My return to blogging experienced a rude shock when I discovered that The Buddy System for Job Seekers had been copied in its entirety on half a dozen other sites.
When I mentioned this to a friend who has sometimes earned her living as a writer, she immediately responded that it would almost be a compliment, if it wasn’t plagiarism.
Indeed, it was a little creepy.
My first clue came when WordPress’s Dashboard informed me of a “pingback.” After seeing two blogs that had lifted my entire post, I did a Google search and turned up more.
They were amazingly efficient, if flagrant in their disregard for the effort I put into writing. They simply copied my entire post to their sites and adding a few tags (of which more later). A quick look at some of the sites made me suspect that all their posts were like that: copied directly from another blog. There was no rhyme nor reason to the topics of these posts, no consistency in writing style. And, yes, there were these weird tags added, which had nothing to do with my post—or, that I could see, with the other posts.
I mean, NASCAR?? Not only did my post have nothing to do with NASCAR, I don’t even know how to drive!
After sputting indignantly to myself for a few minutes, I did a little research. Three of the plagiarized posts were on Blogger (owned by Google) and two on Typepad. I poked around their main websites to find contact information to report the plagiarism. It wasn’t particularly difficult; I merely provided the URLs of the offending posts and the URL to my original post.
To their credit, both Typepad and Google removed the posts and notified me in less than 48 hours. Google removed my posts from the offending blogs. Typepad went further and deleted the entire blog. (That’s no small thing because Typepad blogs—unlike Blogger and WordPress.com—are not free.)
Which leads me to the bigger question: Why steal my post? I happen to think I’m a pretty good writer, but I’m not that good. (Am I?) And I’m not a big name. Circle of Ignorance is my personal blog, not some top-ranked site.
As far as I could tell—although I didn’t linger; it felt like being in a dirty restroom in a dive bar in a bad neighborhood late at night—the plagiarizing sites werern’t selling anything. They weren’t likely to make money by publishing (in this case stealing) my post. And none of them seemed to have big audience: neither my post nor any of the others I looked at had received any comments.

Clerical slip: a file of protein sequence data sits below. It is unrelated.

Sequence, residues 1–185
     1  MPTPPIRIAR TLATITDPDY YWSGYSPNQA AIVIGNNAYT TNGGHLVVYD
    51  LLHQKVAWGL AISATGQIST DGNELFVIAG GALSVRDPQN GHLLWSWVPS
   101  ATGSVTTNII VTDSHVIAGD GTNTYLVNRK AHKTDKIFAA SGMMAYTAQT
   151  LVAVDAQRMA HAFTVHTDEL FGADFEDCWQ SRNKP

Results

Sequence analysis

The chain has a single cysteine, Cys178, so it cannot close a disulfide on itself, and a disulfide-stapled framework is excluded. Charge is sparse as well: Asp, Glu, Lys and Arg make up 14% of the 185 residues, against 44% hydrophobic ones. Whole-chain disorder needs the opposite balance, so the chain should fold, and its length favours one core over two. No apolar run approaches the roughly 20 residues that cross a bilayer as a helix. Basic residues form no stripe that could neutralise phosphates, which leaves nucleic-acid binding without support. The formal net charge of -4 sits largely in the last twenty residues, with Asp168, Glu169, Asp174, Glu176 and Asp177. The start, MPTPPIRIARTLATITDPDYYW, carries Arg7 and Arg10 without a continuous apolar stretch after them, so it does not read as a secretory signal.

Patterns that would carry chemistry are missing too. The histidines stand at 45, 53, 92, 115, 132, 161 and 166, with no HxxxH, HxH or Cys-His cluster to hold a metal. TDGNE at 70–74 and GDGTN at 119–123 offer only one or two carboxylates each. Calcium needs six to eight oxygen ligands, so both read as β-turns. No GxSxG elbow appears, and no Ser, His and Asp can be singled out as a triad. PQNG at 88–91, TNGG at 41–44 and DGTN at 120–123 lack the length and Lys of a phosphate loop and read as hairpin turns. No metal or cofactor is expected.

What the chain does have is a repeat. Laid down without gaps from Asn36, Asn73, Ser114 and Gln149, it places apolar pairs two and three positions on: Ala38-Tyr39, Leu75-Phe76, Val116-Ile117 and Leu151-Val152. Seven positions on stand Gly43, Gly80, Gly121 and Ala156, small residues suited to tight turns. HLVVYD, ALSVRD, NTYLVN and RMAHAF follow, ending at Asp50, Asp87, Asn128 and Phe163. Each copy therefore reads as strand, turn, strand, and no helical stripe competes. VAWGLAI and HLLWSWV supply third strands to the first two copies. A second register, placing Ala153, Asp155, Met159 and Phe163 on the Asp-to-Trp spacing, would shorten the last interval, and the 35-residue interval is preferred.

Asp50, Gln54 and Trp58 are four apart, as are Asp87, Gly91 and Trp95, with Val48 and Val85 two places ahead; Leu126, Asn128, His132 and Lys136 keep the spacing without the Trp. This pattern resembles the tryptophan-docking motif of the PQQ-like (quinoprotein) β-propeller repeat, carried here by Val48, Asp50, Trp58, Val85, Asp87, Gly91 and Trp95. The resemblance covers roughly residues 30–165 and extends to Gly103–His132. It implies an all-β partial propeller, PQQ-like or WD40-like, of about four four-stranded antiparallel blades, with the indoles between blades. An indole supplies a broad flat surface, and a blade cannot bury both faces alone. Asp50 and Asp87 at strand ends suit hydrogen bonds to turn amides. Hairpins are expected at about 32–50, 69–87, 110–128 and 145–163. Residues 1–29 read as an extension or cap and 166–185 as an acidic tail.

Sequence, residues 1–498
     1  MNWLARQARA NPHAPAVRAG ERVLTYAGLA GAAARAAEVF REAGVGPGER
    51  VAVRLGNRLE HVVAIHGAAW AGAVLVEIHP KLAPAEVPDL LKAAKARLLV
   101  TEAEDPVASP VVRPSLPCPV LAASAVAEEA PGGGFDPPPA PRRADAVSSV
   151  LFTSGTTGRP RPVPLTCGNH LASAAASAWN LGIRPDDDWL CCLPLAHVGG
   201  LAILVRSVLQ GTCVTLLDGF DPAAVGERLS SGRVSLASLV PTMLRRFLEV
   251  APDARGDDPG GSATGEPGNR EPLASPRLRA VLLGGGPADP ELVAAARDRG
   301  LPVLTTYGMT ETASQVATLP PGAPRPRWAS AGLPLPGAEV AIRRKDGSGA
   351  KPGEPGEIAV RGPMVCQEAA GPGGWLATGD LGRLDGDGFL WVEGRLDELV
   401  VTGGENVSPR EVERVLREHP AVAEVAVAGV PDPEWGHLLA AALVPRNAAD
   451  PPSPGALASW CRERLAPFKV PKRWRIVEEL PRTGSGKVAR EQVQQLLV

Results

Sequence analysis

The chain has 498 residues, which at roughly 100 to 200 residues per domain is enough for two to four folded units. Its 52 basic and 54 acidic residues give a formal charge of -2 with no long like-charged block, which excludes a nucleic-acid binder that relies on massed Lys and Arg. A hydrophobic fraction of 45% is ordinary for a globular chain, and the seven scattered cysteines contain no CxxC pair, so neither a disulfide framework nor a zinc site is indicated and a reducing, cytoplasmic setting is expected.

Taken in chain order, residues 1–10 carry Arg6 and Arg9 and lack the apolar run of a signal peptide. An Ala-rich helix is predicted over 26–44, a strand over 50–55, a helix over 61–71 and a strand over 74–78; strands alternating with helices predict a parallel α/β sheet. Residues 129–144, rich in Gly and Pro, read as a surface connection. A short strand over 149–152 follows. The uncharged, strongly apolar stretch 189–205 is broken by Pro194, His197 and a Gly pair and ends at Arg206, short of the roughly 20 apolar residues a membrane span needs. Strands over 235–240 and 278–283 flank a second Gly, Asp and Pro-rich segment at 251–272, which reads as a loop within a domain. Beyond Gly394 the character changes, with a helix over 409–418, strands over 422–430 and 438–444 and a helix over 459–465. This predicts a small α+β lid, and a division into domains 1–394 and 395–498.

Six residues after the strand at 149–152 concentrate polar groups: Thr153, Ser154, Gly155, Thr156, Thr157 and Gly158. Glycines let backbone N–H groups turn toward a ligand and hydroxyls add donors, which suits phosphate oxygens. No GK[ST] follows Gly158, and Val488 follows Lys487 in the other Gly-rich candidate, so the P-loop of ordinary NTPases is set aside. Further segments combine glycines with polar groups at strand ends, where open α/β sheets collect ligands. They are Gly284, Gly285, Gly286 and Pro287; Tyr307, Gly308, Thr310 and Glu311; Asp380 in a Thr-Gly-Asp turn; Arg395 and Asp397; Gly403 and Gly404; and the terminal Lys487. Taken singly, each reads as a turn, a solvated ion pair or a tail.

So I am left scratching my head. Steal my post, tag it with completely unrelated tags, don’t try to make money. Violate Terms of Service (not to mention copyright laws) and get taken down. Yeah, that’s a plan.
So for my sins I have a new temp gig… researching copyright permissions for a publisher. I’m up to my ears in copyright notices, requesting permissions where needed, and learning more about the subject than I ever expected. But, darn, I believe in copyright—and also in “fair use.” Writers, musicians and artists are entitled to ownership of their work. People should be able to read, listen to or view it, and to share limited quotes for reasonable purposes, but that doesn’t extend to lifting someone’s whole blog post, article or chapter without even asking. And without even a discernable motive.
PS: If you’d like to quote a couple of sentence, fine. Give me credit and link back to my post. Keep it relevant and polite, and don’t try to make a buck off it because I don’t. I’ll be thinking about this a good deal and you’ll see more thoughts on copyright, fair use, open source, and Creative Commons in future posts.